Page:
In the year and a half since the Work Room opened, its artists have created more than 45 original projects in Atlanta. That means not only is the city flush with more dance, but also with the economies that follow: dancers to perform the works and venues to house them, technicians to rig lighting and build sets, audiences paying to watch. Work Room artists such as Word, Beckham, Phillips, and others are able to produce with such urgency because of the regular, sustained practice the Work Room makes possible.
“The Work Room immediately changed my sense of intention, my optimism about being an artist in Atlanta, my commitment to my craft, the feeling of possibility,” Beckham says. “There is a space held for you, there’s a community that cares when you show up.”
In January, the Work Room revealed its alter ego, Show Room, a stab at addressing Atlanta dance’s other big problem: dedicated performance space. In all of these efforts, Beckham and Rodriguez have displayed uncompromising dedication to their artists and craft, and the guts to pursue what they know is necessary.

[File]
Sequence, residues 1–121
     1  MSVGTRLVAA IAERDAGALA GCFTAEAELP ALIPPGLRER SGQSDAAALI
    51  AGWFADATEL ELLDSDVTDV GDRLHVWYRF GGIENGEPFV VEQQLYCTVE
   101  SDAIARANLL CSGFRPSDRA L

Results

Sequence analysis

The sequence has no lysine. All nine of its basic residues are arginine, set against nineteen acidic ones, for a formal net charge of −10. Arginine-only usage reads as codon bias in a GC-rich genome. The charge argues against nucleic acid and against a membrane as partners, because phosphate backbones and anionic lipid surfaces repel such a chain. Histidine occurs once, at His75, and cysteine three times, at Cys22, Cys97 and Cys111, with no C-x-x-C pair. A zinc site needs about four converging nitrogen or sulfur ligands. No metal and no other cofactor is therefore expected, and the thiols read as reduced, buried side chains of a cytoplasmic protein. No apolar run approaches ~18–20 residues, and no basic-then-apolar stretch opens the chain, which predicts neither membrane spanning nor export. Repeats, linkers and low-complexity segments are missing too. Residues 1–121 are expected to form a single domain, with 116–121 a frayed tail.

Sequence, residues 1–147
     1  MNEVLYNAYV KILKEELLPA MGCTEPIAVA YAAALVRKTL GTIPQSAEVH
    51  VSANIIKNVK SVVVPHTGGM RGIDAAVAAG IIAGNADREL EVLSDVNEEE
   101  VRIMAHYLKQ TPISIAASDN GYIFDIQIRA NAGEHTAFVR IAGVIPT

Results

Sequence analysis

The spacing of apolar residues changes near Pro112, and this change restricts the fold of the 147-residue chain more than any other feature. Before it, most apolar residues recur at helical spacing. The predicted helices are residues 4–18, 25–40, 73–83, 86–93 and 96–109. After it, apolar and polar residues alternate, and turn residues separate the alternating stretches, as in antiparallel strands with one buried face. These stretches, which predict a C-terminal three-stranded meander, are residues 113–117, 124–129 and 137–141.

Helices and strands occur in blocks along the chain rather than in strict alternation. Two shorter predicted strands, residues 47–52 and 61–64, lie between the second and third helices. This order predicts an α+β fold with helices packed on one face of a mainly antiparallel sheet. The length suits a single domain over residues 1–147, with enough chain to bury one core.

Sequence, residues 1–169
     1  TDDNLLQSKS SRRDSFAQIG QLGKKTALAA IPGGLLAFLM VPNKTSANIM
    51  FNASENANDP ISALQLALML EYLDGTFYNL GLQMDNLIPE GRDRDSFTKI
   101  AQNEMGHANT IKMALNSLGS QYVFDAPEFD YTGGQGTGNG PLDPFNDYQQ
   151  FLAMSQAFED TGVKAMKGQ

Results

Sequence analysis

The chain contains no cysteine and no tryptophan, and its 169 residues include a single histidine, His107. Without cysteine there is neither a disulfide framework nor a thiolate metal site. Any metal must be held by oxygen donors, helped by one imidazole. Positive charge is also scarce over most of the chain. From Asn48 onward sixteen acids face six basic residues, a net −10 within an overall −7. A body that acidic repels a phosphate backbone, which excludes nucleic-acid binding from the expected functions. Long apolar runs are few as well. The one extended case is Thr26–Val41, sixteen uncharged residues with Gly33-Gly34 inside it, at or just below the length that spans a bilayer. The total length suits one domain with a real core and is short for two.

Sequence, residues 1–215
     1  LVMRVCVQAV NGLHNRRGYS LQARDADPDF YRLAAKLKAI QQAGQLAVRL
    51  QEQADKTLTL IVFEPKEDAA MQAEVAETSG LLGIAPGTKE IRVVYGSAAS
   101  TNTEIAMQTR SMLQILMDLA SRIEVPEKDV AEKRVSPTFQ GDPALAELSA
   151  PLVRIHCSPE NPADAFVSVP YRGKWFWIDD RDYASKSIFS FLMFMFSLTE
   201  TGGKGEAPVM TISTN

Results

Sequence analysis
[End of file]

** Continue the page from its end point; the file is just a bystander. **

A FOCUS ON PROCESS
Feet pad across the Work Room’s gray floor, their muffled movement a prologue. Bodies assemble on benches. The lights dim. Moments later, Word’s toes are curled and inching her quickly sideways. Her shadow grows and shrinks on the wall as she navigates the Work Room’s long expanse for Palisade, one of two works that ushered in the studio’s new era as a rehearsal-slash-performance space in early January. Palisade addressed the attitudes and expectations that shape us from our earliest moments. At one point Word began chanting the phrase, “You can be anything you want to be,” each time repeating the mantra with a different inflection — hope, confidence, doubt, defiance. It turned into a call and response. “Yes. No. Yes. No. Yes. No. Yes. No,” she debated as she thrashed on the floor, wrestling with herself like Jekyll and Hyde. “No. No. No. No. No. No.”